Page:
FLORENCE, S.C. – Maryland native Sophie Chang is no stranger to the McLeod for Health Florence Open.

She said that she has competed in the USTA Pro Circuit Women’s Tournament the past few years and finds it to be a compelling week of competition.

F or many young professionals from around the world , $25,000 of prize money on the line

“It’s a very unique tournament,” Chang said. “Everyone here is so friendly. There have been a lot of people that have worked to put this tournament together, like Jade [Perkins with the Florence Convention and Visitors Bureau], and those friendly faces and friends that I have made really just set this tournament apart.”

Chang began playing tennis at age 3 and has continued to grow in the sport. She has moved up the leaderboard in the world this year with one singles title in Orlando, Florida, and a doubles title in Charlottesville, Virginia. She ranks No. 338 in singles and No. 155 in doubles, according to the International Tennis Federation.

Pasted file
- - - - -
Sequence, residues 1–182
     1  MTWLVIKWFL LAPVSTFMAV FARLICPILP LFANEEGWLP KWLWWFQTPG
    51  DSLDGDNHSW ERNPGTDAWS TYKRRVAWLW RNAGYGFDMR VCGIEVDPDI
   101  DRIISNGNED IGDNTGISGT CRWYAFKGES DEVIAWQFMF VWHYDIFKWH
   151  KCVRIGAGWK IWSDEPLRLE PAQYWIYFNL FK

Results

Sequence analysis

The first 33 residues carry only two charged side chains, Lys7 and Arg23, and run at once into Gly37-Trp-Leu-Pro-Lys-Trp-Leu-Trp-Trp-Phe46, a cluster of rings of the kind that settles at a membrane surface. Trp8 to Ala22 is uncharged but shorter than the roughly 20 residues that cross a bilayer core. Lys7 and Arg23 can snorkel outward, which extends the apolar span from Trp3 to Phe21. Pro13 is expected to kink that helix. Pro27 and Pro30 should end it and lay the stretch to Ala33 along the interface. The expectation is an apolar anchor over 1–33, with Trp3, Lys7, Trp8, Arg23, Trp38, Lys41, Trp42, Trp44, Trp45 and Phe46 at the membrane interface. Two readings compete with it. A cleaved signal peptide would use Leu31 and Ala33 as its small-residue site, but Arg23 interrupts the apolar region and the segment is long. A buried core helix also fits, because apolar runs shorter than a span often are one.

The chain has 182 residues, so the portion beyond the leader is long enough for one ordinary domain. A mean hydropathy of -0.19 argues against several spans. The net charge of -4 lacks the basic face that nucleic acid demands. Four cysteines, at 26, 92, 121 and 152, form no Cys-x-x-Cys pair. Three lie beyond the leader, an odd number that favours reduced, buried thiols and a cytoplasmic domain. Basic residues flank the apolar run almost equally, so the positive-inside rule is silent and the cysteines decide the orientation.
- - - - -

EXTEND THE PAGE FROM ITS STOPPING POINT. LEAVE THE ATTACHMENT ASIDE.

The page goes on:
Chang said the most difficult part of the sport is the combination of mental focus and physical skill that it takes to compete.

“One of the things that makes tennis so difficult is the fact that there are so many different components to it,” Chang said. “You have to develop all these different parts of your game. Some days, you might be feeling good about one part of your game, but you have to work on the other parts.”

Chang will begin her competition today in both women’s singles and doubles.

“It’s always really exciting to get out there,” Chang said. “It’s also really nerve-wracking as well. It’s getting down to the last part of the year, so I’m just looking to start out this last group of tournaments the best I can and enjoy it.”

Qualifying started Sunday. Main-draw matches began Tuesday afternoon.

Source: The Associated Press

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